To become a donor and for more information visit Donate Life today.

Related Resources

 

Protect Yourself and Others This Flu Season

Flu Shot image

It’s flu season, which means time to prevent the spread and stop the influenza virus cold in its tracks. Everyone is capable of transmitting and contracting the flu virus, but transplant recipients are even more vulnerable to the flu and its complications than the general population. This is one of the many reasons our team at the Emory Transplant Center is committed to getting our patients—and our faculty and staff—vaccinated each year. Last year, the Emory Transplant Center and its infectious disease service alone administered 930 flu vaccines to pre- and post-transplant patients, which was about 90% of the patients we saw at the Transplant Center in 2011.

As part of the Emory Healthcare family, we are all dedicated to keeping our patients, their families and our colleagues safe. In the health care industry, it is inevitable that each year there will be patients who contract influenza from their health care workers. Required annual vaccinations against seasonal influenza for all Emory Healthcare employees is one important way we help to create and ensure a safe, healthy environment.

Below are the annual vaccination guidelines for our Emory Transplant Center patients and caregivers. Those who should get the seasonal flu shot include:

• Patients who have reached the three-month post-transplant mark by Sept. 1 or who will be three months post-transplant before March 31, 2013

• Individuals who have had a transplant between Sept. 1 and March 31 and have approval from their treating physicians

• Those who are undergoing evaluation for transplantation or are on a waiting list for a transplant

• Patients in heart failure

• Patients 65 years and older (may receive high dose vaccine)

• Transplant recipients, their family members and others in close contact with recipients (should receive the injectable flu vaccine instead of the FluMist® nasal spray)

• All Emory Transplant Center faculty and staff

Resources

Celebrating the Gift of Life – Donate Life Month

Since 2003, April has served as National Donate Life Month and provided the health and transplant communities with an entire month of local, regional and national activities to help support and raise awareness around organ donation and celebrate those who have given the gift of life to others by donating. We’ve seen some amazing gifts of generosity here at Emory since National Donate Life Month last year, and in honor of the month, we’d like to celebrate those members of our community who have truly given of themselves in an effort to save the lives of others.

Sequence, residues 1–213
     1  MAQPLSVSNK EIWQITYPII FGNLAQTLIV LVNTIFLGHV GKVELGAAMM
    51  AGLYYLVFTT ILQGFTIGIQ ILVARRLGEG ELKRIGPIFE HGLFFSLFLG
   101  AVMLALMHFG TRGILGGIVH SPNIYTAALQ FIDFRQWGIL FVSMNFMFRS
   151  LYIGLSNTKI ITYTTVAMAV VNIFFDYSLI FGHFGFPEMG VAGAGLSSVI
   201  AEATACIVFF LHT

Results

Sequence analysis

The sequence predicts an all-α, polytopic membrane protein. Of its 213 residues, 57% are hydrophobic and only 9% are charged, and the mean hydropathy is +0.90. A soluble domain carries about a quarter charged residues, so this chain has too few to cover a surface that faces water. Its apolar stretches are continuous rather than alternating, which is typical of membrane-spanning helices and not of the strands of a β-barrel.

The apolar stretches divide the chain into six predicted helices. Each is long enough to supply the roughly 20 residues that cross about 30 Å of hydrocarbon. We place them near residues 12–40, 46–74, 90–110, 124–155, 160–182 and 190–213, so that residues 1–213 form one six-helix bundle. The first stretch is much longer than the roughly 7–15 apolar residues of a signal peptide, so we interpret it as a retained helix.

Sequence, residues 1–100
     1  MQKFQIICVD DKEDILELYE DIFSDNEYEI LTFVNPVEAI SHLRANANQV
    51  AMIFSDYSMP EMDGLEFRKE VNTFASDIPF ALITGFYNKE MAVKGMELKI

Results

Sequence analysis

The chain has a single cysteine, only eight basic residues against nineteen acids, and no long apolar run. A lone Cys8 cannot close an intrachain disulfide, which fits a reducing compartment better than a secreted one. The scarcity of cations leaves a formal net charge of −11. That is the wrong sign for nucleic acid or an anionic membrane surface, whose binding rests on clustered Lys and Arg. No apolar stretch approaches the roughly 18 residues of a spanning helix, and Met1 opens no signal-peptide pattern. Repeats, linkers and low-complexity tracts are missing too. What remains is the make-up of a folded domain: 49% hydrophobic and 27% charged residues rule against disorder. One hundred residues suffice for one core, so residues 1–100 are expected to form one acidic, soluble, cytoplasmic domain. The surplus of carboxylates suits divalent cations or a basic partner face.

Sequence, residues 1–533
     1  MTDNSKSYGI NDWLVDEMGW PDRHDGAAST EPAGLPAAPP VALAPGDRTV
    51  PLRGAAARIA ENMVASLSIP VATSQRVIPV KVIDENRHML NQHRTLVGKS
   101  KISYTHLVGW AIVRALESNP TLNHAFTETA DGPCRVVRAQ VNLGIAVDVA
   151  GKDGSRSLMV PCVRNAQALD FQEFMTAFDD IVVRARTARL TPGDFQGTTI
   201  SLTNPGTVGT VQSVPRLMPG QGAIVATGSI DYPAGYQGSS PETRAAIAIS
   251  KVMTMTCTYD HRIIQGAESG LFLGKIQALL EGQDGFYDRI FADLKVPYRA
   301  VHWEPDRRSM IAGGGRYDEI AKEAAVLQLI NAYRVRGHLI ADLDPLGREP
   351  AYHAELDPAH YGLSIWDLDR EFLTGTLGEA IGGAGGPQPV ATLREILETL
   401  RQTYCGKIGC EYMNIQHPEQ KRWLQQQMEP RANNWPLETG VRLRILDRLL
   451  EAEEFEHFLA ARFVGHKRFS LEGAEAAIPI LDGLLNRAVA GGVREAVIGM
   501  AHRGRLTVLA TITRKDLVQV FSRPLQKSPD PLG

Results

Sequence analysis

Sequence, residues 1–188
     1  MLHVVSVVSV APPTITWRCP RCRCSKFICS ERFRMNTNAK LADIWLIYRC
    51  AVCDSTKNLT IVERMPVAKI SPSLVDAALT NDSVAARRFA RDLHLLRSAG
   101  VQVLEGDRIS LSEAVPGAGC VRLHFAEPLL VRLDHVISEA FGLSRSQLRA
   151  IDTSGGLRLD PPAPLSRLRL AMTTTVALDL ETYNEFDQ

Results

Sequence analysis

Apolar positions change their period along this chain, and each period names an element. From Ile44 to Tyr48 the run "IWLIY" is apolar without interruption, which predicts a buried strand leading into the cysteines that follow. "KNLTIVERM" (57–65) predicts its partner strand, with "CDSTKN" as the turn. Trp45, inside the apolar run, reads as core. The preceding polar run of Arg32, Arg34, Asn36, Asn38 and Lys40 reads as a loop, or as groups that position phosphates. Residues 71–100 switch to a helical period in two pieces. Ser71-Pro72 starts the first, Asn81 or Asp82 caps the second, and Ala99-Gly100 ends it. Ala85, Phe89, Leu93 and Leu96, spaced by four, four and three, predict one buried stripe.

Pamela Emory Employee Living Donor

Pamela Lesane

We kicked off Donate Life Month last year with the help of Pamela Lesane, an Emory Healthcare employee and now patient, after making a very generous gift to her own sister. After beginning her career with Emory Healthcare in Guest Services, Pamela came into contact with a transplant coordinator who asked her if her sister, who had suffered from kidney disease all her life, had ever been evaluated for a transplant. She had not, so Pamela helped her push forward in getting evaluated and her sister was placed on the waiting list for a kidney transplant. It turned out Pamela would be a match for her sister’s transplant, and the rest is history. You can read more on Pamela’s story here.

Shortly after Pamela was able to help bring renewed life to her sister via organ donation, six lives at Emory were saved by as a result of a selfless donation from one man, Jon Pomenville, from Anderson, South Carolina. Imagine waking up one morning in good health and deciding out of the goodness of your heart to donate your kidney to someone you didn’t even know – anyone, anywhere. That’s exactly what Jon did and he wasn’t looking for credit. In fact he was completely comfortable with remaining anonymous throughout the process. But during a follow-up visit to Emory University Hospital, Jon met many of the individuals whose lives he helped change – right there in the transplant clinic waiting room. Jon and four of the other donors and recipients in what is referred to as a paired kidney transplant were coincidentally scheduled for follow-up appointments within a short period of time of one another. It was only a matter of minutes before the patients – recipients and donors – two father and son combinations and Jon, the man who would give to anyone – were hugging, shaking hands, and recounting their lives and experiences. As one person began recounting the experience, eyes and ears began to focus on the tale being told from across a crowded room. Share Jon’s story.